In an effort to curb abuses, the New York State Senate and Assembly have enacted a client disclosure law. This law applies to 48 professions in medical, engineering, law and accounting, to name a few.
The Sullivan County Legislature has been discussing the question, “Should county officials be required to publicly disclose their outside clients?” This measure would enable voters to decide for themselves whether legislators, their appointees or candidates in the upcoming election are engaged in any inappropriate conflicts of interest.
At the September 22 legislature meeting, Kathy Labuda announced that the county’s current financial disclosure form/requirement “is a joke,” implying publicly that it’s worthless. All candidates for office and a majority of the incumbents have expressed strong support for the new measure. We need our legislators, before the election, to sponsor a resolution to bring this to a committee vote. Chairman Jonathan Rouis voiced support in principle, as long as it didn’t include him. He claims confidentiality agreements are needed to guide his practice, but the new state law applies to lawyers/attorneys who also have confidentiality agreements.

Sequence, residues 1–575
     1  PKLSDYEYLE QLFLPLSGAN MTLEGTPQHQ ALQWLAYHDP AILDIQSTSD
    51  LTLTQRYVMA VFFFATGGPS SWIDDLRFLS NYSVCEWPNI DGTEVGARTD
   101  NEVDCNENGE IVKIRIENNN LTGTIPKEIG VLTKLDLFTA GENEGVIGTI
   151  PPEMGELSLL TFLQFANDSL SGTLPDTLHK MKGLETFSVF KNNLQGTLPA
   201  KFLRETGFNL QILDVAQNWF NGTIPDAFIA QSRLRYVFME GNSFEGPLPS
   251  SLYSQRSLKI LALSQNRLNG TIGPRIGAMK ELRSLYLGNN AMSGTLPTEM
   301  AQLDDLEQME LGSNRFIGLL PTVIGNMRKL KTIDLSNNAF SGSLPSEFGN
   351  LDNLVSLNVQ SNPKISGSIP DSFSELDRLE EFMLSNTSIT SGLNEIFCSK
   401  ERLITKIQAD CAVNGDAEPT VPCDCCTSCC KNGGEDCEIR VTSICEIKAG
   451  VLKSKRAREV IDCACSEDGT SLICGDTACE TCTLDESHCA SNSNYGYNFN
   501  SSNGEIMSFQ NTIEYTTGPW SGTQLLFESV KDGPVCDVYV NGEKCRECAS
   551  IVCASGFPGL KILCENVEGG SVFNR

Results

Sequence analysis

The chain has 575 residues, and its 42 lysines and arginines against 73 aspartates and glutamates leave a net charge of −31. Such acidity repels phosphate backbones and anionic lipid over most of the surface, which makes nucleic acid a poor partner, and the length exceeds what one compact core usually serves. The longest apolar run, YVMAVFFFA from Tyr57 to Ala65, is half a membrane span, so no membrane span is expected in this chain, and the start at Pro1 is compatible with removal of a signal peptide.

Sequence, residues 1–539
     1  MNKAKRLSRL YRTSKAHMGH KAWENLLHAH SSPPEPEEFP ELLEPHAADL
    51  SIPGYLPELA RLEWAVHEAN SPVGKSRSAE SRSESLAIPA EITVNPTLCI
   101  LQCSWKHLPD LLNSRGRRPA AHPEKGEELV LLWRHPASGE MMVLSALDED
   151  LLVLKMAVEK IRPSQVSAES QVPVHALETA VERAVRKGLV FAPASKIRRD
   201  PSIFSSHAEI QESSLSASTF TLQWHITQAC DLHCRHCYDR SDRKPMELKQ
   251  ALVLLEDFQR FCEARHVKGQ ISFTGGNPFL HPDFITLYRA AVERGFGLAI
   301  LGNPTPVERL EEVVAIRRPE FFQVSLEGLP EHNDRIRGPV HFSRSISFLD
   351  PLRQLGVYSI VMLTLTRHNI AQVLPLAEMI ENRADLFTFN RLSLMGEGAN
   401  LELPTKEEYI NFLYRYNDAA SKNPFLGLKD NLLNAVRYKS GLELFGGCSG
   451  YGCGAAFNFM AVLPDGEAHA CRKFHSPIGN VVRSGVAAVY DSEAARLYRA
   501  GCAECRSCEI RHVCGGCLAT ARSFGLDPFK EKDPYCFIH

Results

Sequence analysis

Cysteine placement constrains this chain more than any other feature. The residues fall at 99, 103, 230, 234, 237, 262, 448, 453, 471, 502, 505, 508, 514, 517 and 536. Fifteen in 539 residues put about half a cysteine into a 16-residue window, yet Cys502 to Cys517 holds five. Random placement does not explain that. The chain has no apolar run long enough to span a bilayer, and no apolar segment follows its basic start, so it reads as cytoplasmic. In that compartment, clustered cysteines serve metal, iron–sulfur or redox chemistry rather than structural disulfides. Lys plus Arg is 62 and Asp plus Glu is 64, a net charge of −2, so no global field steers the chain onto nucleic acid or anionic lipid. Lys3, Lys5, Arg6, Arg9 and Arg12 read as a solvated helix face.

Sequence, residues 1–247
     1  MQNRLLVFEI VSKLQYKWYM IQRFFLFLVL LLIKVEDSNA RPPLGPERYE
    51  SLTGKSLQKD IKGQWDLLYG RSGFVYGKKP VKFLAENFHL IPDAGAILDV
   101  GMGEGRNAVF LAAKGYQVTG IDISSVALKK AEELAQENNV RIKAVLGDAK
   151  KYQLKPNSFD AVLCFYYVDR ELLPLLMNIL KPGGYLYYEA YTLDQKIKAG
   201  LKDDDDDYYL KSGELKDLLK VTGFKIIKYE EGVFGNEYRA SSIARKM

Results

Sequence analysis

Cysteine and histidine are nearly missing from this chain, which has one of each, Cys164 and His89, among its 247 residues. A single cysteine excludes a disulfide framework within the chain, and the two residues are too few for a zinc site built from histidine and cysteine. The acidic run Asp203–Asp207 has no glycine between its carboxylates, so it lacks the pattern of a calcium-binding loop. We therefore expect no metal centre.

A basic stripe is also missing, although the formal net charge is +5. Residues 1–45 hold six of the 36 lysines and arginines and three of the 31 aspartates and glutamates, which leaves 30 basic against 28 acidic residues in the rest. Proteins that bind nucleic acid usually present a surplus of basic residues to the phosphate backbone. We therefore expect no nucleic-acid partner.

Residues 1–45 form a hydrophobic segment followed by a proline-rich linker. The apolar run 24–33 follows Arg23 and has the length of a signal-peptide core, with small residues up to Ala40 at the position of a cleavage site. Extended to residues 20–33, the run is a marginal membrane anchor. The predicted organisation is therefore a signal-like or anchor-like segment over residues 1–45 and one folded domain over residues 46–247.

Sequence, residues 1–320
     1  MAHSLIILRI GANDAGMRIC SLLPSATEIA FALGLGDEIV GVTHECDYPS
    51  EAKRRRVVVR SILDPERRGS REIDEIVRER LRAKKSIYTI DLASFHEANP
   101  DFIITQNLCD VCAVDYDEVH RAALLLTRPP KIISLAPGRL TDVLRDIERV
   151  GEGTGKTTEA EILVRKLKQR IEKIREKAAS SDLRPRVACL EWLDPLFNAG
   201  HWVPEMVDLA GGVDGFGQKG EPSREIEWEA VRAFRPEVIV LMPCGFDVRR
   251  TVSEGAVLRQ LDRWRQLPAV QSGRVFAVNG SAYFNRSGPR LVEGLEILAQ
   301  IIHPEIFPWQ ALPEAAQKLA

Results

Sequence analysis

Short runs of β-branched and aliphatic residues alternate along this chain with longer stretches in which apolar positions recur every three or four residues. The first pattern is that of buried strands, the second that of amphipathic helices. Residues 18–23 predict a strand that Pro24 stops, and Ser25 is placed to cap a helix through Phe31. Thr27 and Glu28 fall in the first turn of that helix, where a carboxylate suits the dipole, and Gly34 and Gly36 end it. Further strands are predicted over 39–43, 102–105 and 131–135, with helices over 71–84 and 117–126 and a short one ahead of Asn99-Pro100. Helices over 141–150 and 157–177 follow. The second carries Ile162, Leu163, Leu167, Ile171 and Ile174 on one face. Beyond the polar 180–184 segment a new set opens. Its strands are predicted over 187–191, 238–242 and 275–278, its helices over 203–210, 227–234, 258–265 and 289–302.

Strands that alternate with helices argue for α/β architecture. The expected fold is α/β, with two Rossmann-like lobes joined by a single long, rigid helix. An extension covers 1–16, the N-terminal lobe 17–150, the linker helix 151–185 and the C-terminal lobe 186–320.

County officials, such as Mr. Rouis, have a choice to comply or step aside if they value the anonymity of their clients over the interests of the public.